Oh say did you know these 7 facts about The Star-Spangled Banner?

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Only about a dozen copies of the original 1814 sheet music imprint of Francis Scott Key’s 'The Star-Spangled Banner' have survived. The original edition can be easily identified by the misprint 'A Pariotic [recte Patriotic] Song' in its subtitle. Courtesy of the William L. Clements Library, University of Michigan

Only about a dozen copies of the original 1814 sheet music imprint of Francis Scott Key’s “The Star-Spangled Banner” have survived. The original edition can be easily identified by the misprint “A Pariotic Song” in its subtitle. Courtesy of the William L. Clements Library, University of Michigan

We’re all familiar with Francis Scott Key’s “The Star-Spangled Banner,” especially as a ritual opening at our county’s favorite sporting events.

Whether distorted in protest by Jimi Hendrix at Woodstock…

…or belted by Whitney Houston at Super Bowl XXV…

…the song evokes potent emotion and memory. To celebrate the anthem’s 200-year anniversary, we explore its historical significance. From the war of 1812, to World War I, and up to today’s traditions, it’s had a hand in molding the modern image of America. Thousands of renditions are played each year, but how much do you really know about the anthem?

Mark Clague is a professor of musicology, the director of research at the University of Michigan and the founder of the Star-Spangled Music Foundation. He’s a big believer in the song’s impact on American culture.

“One of the powerful things about music, and a powerful thing about an anthem — it builds community when we sing it together. We have a such a big country, with millions of millions of people, and we know the collective rituals, singing the songs together.”

But, according to Clague, there is no traditional way to sing the anthem. And while the song is a marker of community, it is also a marker of individuality.

“It’s kind of a statement of citizenship the way you choose to sing it. When people sing it they’re actually telling you a lot about themselves, they’re basically saying ‘I’m an American.’ When Beyoncé sings it, she’s sings it her way, and in part making a statement what it means to be an American today, in a multi-cultural society….If everyone sang it the exactly the same way it would be a pretty boring country.”

Art Beat spoke with Clague about “The Star-Spangled Banner” and he told us seven little-known facts about our national song:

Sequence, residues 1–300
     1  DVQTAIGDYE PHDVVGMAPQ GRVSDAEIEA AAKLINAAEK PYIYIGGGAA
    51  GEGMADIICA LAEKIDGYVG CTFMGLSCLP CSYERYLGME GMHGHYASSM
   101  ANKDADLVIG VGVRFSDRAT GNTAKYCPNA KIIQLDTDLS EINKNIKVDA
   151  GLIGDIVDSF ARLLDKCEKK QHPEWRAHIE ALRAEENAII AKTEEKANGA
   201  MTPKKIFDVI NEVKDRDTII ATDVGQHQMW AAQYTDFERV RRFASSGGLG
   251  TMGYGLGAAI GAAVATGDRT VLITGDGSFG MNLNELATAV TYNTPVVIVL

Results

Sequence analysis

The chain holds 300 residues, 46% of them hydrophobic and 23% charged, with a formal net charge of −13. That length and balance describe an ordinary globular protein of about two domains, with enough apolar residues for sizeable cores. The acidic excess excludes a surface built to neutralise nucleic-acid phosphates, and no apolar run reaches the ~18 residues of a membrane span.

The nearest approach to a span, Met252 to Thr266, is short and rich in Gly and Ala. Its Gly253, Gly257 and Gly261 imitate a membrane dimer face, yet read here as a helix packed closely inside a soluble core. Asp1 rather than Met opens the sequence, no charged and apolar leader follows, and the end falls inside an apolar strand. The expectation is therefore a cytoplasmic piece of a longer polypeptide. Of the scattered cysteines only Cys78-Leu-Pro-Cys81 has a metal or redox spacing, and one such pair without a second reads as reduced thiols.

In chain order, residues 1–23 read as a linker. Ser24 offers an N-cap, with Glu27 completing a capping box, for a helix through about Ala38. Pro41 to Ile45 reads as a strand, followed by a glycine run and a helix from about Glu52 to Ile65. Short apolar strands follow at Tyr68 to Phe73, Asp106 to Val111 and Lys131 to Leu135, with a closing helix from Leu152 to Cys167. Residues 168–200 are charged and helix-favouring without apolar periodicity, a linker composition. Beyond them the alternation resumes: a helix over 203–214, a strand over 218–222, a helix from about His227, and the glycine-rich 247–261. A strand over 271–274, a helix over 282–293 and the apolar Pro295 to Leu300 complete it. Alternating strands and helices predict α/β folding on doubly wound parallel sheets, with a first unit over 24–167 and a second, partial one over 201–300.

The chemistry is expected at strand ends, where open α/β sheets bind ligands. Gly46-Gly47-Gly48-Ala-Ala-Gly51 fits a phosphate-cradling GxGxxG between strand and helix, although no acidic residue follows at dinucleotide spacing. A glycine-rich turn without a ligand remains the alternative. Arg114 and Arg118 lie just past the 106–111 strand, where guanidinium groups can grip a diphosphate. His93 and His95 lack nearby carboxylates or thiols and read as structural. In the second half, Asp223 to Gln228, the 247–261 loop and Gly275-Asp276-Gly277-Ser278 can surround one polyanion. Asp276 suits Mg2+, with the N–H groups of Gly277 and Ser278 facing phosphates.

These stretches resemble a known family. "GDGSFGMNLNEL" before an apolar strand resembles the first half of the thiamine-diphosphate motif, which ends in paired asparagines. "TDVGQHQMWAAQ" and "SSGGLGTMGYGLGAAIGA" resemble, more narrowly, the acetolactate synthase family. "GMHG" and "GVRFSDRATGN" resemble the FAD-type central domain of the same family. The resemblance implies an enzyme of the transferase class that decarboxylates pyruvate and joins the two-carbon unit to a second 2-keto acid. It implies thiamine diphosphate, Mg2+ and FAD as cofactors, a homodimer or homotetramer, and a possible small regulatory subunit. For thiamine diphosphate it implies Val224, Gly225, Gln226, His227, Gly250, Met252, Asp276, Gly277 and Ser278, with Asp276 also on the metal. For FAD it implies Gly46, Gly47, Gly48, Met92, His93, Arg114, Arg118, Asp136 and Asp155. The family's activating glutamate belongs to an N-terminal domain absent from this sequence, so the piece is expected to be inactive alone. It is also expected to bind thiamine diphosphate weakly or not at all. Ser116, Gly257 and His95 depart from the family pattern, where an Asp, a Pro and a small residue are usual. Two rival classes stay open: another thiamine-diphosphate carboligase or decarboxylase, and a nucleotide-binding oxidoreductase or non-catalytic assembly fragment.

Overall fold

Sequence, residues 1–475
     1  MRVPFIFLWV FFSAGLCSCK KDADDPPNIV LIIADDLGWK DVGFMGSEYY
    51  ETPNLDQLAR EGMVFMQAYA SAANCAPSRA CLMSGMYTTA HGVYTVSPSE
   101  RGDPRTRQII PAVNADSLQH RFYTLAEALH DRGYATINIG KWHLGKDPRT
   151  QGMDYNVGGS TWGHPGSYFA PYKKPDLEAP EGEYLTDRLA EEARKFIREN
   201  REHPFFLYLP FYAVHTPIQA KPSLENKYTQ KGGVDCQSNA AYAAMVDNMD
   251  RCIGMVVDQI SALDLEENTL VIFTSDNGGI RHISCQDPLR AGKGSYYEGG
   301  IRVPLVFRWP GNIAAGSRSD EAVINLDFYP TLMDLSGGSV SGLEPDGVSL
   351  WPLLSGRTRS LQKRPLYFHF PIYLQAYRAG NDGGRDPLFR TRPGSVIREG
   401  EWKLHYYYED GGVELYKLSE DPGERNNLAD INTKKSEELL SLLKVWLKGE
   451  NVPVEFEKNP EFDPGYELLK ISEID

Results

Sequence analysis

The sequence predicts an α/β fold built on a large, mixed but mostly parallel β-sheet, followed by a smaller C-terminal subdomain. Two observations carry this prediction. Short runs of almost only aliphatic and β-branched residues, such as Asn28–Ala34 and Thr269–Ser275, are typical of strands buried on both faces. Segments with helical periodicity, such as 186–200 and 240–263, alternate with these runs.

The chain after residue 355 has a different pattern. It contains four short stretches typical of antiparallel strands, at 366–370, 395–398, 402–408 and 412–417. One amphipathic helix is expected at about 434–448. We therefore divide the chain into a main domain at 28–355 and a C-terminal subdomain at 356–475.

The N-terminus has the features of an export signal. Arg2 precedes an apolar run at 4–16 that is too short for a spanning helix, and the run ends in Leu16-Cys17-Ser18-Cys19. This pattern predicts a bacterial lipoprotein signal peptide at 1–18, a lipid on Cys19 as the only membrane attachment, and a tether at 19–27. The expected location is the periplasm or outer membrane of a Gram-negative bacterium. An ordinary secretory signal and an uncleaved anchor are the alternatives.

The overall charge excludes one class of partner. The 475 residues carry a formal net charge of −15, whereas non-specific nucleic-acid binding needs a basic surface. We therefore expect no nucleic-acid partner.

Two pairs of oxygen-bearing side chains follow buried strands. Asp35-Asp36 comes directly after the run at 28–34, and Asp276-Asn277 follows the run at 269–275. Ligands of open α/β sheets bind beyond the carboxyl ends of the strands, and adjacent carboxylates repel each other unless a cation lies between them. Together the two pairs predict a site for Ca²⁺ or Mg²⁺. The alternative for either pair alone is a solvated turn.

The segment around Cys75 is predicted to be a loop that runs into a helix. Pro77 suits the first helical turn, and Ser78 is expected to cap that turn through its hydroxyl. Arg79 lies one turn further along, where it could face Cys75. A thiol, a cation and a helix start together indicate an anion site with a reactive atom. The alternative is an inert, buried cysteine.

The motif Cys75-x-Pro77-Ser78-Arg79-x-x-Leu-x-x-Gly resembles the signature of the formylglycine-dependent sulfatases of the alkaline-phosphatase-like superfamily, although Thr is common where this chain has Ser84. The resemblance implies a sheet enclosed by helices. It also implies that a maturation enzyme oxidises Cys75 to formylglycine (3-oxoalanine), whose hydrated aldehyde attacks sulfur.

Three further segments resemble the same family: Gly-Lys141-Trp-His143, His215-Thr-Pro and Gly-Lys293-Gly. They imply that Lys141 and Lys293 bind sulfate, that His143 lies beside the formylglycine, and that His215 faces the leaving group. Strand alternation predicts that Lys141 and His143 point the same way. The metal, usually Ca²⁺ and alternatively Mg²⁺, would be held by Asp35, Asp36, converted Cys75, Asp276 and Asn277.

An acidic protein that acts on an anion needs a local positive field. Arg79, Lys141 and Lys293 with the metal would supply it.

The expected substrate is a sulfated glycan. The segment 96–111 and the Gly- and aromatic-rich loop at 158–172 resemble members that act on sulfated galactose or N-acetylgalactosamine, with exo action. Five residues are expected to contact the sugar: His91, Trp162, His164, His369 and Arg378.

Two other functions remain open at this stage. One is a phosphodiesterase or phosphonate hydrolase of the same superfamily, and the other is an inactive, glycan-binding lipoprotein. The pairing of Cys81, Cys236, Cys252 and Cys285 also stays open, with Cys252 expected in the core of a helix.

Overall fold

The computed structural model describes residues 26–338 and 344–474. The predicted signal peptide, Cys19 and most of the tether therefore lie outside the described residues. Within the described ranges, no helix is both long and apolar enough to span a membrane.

• In 1814, Francis Scott Key wrote the lyrics while he was detained on a British ship in Baltimore. Key, who was on diplomatic mission, was inspired after witnessing the American victory at Fort McHenry, which he believed was an impossible task.
  • Before it was named “The Star-Spangled Banner,” it was called “The Defense of Fort McHenry.” Key eventually changed the name to better represent the flag and the United States.
  • President Herbert Hoover signed the bill that made the song the national anthem in 1931. Prior, the United States Navy had used it in official ceremonies.
  • During the Civil War, the Union army translated the song into German with hopes of recruiting German soldiers. Since then, “The Star-Spangle Banner” has been translated into several other languages including Spanish, Polish, French, Italian, Hebrew, Yiddish, Latin and Native Hawaiian.
  • In 1861, Oliver Wendell Holmes Sr. added a verse. Despite using the words “the land of the free,” Francis Scott Key had been a slave owner, and members of the Confederate Army wanted to claim his anthem. Holmes, an influential writer from Boston, wrote new lyrics advocating that American slaves be unchained. Holmes’ addition now appears in most official publications of the lyrics.
  • The first sporting event to hear “The Star-Spangled Banner” was a baseball game in 1862 in Brooklyn, New York. The anthem was performed at the first World Series in 1903 in Boston; many believe it was first performed at the 1918 World Series.
  • One of the most famous renditions of the song was performed by Jimi Hendrix at the 1969 Woodstock Festival. Though that was his most iconic performance, Hendrix actually performed his version over 60 times during a two-year period.
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